The role of HR has been amplified over the last 18 months; in addition, employee experience has achieved newfound importance at work.
With employees looking to leave jobs if they do not have the right tools or work-life balance, HR is being seen as the first and last line of defense against the ‘Great Resignation‘.
While many are focused on retaining staff in other departments, it seems that HR professionals may also be suffering from the burnout other teams have reported.
For the research, Lattice spoke to 726 HR professionals across the world working for organizations of all sizes.
Continued hybrid working
The study found that over 70% of HR teams are setting policies where most or all of their employer’s workers will continue to be remote at least some of the time for the next year.
Naturally, hybrid working and staff retention projects are difficult, and there appears to be a significant impact on HR professionals.
A new focus on employee management has come at a cost. The study notes: “HR professionals in our dataset continue to report being overworked, understaffed, and emotionally exhausted.”
Unsurprisingly, with increased focuses on upskilling, retention, recruitment, employee experience, flexible working, and employee engagement; HR teams have been overloaded with projects.
42% of those who responded to the survey said their team faced an overwhelming number of projects and responsibilities.
This has led to 42% of respondents facing burnout and exhaustion as they tackle future workplace challenges.
Additionally, 41% of teams said that they were understaffed. Unfortunately, it would add to HR’s workload for them to fill these positions and spread their workload long-term.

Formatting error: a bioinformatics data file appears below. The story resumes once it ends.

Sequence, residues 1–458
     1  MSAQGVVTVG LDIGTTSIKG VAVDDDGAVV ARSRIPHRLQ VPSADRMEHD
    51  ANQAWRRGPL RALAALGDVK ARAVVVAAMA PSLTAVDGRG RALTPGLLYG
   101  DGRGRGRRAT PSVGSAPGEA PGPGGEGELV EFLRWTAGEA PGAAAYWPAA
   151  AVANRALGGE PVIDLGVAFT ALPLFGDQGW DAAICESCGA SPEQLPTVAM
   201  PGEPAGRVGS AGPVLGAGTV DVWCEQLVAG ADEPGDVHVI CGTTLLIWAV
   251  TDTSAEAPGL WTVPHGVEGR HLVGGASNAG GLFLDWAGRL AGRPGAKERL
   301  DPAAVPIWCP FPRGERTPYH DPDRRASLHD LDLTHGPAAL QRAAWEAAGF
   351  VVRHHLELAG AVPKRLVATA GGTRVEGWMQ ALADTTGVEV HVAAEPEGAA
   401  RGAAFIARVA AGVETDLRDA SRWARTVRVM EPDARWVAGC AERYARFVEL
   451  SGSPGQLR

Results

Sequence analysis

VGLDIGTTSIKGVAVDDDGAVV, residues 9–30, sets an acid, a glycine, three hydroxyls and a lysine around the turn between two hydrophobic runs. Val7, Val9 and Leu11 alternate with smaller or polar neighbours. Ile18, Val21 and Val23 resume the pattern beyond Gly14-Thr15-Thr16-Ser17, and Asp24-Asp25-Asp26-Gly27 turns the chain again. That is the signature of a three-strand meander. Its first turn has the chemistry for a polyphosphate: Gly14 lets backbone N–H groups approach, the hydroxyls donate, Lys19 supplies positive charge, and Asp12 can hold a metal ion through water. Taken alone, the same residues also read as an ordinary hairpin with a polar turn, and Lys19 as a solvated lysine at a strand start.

Speaking about these findings, Russell Lobsenz, principal and talent management practice lead for Lattice Advisory Services, said: “The challenges brought on by the pandemic have been particularly acute for HR professionals who, for the last 18 months, have been on a roller coaster ride that seemingly never ends.
“Although the worst of the pandemic is behind us, there’s no reason to believe HR’s job will get any easier, especially with a supercharged demand for talent.”
Improving teams and management
Alongside the increased pressure on HR teams, technology companies have seen substantial growth. This has been particularly evident in employee experience, remote hiring tools, and workflow automation.
UNLEASH and Fosway found that employee experience was a major investment for companies and the likes of CultureAmp and Benefex can be implemented to gather data on how employees are feeling. While HR would likely have to make the use case for such software, it could greatly help those who feel burnout and ignored by their company.
Additionally, the time-consuming tasks that are leading to this feeling of despair can be mitigated.
Shawn Herring, VP of Marketing at PandaDoc, told UNLEASH: “Automation is becoming more important to streamline the workflow and allow for fast responses, especially in remote environments.”
Quicker responses and less time spent on manual processes would undoubtedly benefit overburdened HR teams who are navigated hybrid workplaces.
Technology will undoubtedly reduce the huge workloads that HR teams are tackling. Nonetheless, a starting point is understanding the increased pressures and creating a culture where all teams can have an understanding of the challenges the business is facing and how they can be overcome.
By doing this, the HR teams who are currently exhausted will have much-needed support on the frontline of the workplace revolution.